It is "that" time of the year here in the Heartland of the United States, that time where tractors are being fired up and planters are being filled as they are readied to enter the fields to plant seeds. This doesn't just "happen," this is a task that is born out of a plan that begins with deciding what harvest the farmers want to have at the end of the season. The same should be true of all business owners; they should begin by asking the question, "What harvest do I expect this season?"
By beginning with the end in mind, it helps the farmer decide what preparations need to be made, what seeds need to be acquired, and what needs to happen throughout the growing season to cultivate the planned harvest. It is not as simple as only choosing what seed to plant, tossing it into the field and waiting - that is a great strategy to feed birds but not to harvest a bumper crop. The same is true for your business - what do you expect your harvest to be at the end of your season? What do you need to do to plan for the expected harvest? What seed needs to be planted? What needs to be done throughout the season to cultivate your crop? These are all questions that need to be addressed to help ensure that you harvest what you expected.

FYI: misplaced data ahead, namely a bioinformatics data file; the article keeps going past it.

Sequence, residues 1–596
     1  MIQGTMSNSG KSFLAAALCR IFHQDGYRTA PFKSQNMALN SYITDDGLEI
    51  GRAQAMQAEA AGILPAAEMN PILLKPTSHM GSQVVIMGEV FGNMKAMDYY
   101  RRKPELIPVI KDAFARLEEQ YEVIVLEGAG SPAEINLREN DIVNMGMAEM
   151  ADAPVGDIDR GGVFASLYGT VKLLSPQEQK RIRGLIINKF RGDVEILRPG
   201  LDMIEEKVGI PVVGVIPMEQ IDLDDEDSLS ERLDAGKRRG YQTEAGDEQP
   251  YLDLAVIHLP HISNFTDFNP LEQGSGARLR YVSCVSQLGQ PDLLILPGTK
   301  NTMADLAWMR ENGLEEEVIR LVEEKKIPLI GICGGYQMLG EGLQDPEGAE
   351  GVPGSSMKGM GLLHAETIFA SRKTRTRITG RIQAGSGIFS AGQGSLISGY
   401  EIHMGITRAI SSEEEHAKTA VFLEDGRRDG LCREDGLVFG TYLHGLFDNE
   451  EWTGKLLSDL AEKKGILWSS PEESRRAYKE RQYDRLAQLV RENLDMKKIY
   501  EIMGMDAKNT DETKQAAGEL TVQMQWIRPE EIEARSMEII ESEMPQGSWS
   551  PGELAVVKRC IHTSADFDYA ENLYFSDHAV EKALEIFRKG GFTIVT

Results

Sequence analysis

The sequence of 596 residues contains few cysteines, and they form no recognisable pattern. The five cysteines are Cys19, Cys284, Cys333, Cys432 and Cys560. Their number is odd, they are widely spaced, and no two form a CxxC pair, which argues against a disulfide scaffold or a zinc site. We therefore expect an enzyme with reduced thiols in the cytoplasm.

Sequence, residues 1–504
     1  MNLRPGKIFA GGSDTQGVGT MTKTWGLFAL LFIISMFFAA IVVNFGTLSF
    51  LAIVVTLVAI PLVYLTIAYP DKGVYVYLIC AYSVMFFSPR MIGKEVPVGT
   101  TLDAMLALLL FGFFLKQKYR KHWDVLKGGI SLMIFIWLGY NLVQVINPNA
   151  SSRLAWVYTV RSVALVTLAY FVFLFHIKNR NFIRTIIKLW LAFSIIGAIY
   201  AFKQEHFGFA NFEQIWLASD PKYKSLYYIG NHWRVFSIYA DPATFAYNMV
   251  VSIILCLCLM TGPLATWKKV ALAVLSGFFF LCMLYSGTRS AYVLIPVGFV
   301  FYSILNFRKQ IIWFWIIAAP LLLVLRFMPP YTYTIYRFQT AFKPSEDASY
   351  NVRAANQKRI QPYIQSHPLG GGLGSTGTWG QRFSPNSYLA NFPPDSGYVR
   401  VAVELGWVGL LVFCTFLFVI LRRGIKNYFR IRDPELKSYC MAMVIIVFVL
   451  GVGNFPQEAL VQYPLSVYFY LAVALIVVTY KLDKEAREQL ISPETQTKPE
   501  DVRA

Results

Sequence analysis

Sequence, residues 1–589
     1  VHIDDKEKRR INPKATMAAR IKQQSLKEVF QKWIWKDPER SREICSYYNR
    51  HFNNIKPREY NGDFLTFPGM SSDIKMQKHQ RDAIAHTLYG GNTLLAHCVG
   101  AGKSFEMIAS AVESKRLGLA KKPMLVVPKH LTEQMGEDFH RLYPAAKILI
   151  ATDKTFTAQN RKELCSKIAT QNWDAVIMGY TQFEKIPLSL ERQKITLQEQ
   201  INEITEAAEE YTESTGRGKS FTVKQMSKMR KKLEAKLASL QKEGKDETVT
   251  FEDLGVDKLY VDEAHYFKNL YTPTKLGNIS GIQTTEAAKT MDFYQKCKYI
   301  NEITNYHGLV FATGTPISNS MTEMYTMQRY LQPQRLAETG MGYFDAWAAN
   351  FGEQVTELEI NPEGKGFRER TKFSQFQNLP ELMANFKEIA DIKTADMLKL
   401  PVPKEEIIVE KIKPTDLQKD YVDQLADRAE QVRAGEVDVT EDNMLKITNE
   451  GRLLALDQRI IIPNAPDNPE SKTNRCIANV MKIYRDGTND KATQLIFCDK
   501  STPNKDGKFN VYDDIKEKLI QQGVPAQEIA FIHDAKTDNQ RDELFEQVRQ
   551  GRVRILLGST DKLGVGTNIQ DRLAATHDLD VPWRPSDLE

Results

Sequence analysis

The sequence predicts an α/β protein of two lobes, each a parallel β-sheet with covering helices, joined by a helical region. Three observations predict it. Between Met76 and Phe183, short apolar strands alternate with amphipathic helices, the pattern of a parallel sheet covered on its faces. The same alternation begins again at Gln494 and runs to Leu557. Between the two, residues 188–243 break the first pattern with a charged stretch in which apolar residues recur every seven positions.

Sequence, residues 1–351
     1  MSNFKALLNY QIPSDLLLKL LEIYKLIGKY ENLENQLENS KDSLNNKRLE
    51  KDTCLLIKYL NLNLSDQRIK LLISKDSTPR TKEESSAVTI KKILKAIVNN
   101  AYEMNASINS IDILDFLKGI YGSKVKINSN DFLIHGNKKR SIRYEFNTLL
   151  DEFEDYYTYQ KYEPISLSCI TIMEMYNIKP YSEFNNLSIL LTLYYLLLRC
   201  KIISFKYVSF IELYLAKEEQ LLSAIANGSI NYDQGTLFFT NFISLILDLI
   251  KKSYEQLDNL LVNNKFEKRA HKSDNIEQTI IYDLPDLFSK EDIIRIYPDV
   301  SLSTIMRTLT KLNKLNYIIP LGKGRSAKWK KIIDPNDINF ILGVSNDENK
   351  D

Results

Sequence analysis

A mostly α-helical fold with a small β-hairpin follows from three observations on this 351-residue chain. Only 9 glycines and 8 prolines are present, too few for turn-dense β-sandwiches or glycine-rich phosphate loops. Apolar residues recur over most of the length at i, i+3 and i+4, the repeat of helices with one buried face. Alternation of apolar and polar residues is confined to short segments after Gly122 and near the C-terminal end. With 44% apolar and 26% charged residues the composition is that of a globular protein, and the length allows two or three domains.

This week we will briefly explore the foundational question, "What harvest do you expect?"
Step 1: The first thing to consider is the timeframe of your 'growing season.' Is this going to be a short season, like a sales campaign or a longer season, like your annual goal? Defining the length of season is not just important for this 'growing season,' it is also necessary to be able to plan for each 'growing season' to follow.
Step 2: Once you have decided what your "growing season" is going to be, you then need to define the harvest you expect to reap in your season. Is your harvest a set sales amount, a defined margin, a hiring campaign, or another harvest your business needs? Farmers don't plant random seed and take whatever may come as a result. They start right here with what they expect to harvest. So should you.
Once you have defined the expected harvest, you will be able to move on to planning, planting, and cultivating your expected harvest.
So, decide what it is you want to harvest. It may be as simple as something like this: Over the next (enter time frame here) I expect to harvest (enter your goal here - number of sales, amount of revenue, new position(s) hired, another location opened, etc.).
In the next few weeks we will look at the planning, planting, and cultivating needed to bring in the bumper harvest you expect.